Relation to impermanence[edit]

This level of dukkha is directly related to the Buddhist concept of impermanence. For example, Geshe Tashi Tsering states that in order to understand this level of dukkha:[31]

[...] we need an understanding of the gross level of impermanence—how things come into being, remain, and then cease by the power of things other than themselves. Things arise by the power of others, and while they remain they are still under the power of others. Their cessation also depends on the power of others. Nothing happens independently. Understanding this gross level of impermanence and the fact that we actually have so little freedom will help us understand the more subtle levels of impermanence.

Joseph Goldstein emphasizes the importance of reflecting on impermanence:[32]

On the conceptual level we understand [the changing nature of things] quite easily, but in our lives, how often are we living in anticipation of what comes next, as if that will finally bring us to some sort of completion or fulfillment? When we look back over our lives, what has happened to all those things we were looking forward to? Where are they now? This doesn’t mean that we should never enjoy ourselves or enjoy different pleasant experiences. It just means we need to realize and remember the very transitory nature of that happiness and to deeply consider what our highest aspirations really are.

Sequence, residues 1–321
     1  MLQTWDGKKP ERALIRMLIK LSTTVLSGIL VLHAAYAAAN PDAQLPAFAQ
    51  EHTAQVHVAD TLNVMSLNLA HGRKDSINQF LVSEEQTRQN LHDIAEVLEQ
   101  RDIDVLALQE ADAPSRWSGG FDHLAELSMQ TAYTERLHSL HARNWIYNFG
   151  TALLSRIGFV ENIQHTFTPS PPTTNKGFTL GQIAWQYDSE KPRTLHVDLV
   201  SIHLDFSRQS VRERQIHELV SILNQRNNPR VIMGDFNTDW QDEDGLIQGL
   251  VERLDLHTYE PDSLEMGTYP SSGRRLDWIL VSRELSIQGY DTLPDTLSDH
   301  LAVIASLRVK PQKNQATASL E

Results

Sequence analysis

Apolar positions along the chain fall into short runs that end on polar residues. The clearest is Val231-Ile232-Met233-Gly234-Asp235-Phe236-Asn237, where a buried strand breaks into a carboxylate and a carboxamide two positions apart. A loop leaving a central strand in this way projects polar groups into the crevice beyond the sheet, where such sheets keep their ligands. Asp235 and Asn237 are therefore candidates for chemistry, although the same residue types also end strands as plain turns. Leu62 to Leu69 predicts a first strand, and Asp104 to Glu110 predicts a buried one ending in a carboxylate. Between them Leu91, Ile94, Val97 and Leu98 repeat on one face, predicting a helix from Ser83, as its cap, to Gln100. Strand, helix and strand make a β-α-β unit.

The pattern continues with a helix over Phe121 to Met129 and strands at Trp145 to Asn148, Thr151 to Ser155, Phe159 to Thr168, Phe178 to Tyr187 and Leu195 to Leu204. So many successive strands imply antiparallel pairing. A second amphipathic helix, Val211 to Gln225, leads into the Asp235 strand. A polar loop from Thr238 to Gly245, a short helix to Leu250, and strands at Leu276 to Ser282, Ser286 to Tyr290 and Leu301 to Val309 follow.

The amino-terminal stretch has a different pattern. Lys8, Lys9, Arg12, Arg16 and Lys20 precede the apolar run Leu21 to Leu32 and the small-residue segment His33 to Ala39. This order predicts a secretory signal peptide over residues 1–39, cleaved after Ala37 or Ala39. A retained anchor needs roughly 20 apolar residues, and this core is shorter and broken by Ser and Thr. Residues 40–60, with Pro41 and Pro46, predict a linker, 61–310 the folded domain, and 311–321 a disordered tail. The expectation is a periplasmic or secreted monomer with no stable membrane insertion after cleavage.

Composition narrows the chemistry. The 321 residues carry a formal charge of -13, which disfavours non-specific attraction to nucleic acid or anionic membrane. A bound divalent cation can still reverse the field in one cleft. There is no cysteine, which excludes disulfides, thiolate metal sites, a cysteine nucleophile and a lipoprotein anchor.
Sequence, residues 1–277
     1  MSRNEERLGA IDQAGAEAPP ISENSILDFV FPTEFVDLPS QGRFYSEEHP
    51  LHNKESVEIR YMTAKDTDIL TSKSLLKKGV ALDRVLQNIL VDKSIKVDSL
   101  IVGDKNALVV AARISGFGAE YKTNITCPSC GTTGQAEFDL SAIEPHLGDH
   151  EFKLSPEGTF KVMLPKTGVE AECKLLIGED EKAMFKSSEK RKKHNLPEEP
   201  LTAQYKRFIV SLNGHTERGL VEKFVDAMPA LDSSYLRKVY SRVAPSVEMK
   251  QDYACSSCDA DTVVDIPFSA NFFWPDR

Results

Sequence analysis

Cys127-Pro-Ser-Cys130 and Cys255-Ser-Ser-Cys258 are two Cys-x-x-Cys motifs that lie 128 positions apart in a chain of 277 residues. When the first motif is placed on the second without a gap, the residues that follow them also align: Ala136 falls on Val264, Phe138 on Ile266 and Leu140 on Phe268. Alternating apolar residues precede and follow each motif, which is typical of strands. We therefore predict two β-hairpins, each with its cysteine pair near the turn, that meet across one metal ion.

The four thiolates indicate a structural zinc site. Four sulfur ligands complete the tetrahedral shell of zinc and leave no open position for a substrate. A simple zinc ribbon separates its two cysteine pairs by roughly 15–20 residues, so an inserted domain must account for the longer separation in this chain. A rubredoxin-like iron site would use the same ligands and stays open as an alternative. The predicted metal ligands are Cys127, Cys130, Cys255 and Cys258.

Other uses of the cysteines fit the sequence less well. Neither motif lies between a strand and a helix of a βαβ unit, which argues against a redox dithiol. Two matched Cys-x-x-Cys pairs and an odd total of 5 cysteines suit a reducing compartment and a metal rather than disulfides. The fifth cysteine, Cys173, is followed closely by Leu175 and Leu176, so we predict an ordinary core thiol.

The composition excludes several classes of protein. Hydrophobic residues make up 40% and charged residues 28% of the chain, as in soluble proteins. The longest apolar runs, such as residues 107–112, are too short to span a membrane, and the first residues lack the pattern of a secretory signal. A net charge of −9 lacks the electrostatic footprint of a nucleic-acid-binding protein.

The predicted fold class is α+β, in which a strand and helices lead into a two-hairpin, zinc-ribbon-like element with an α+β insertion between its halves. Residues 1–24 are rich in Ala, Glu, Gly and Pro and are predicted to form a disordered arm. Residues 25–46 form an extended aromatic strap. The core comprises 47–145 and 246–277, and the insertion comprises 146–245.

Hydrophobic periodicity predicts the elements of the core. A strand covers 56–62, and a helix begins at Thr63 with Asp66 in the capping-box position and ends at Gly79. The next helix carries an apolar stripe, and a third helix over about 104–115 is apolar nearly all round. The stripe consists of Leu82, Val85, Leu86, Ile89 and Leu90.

Some powerful reflections and reminders in this regard are that all times of being together will end in separation, that all accumulation will end in dispersion, and that all life will end in death. And at the moment of death, what really belongs to us? Surprisingly, reflecting in this way on the truth of dukkha, which simply sees how things are free of hope and fear, brings a great lightness of heart and mind. It’s a great relief to be out of the grip of deluded enchantment. There’s a freshness and vivid clarity in seeing things as they are.

Goldstein presents five reflections that are practiced on a daily bases within many Buddhist traditions:[32][f]

Bhikkhus, there are these five themes that should often be reflected upon by a woman or a man, by a householder or one gone forth. What five? (1) . . . ‘I am subject to old age; I am not exempt from old age.’ (2) . . . ‘I am subject to illness; I am not exempt from illness.’ (3) . . . ‘I am subject to death; I am not exempt from death.’ (4) . . . ‘I must be parted from everyone and everything dear and agreeable to me.’ (5) ‘I am the owner of my kamma, the heir of my kamma; I have kamma as my origin, kamma as my relative, kamma as my resort; I will be the heir of whatever kamma, good or bad, that I do.’”

Sankhara-dukkha (the dukkha of conditioned experience)[edit]

Translations[edit]

The Pali term sankhara-dukkha (Sanskrit: samskara-duhkhatta) is referred to as: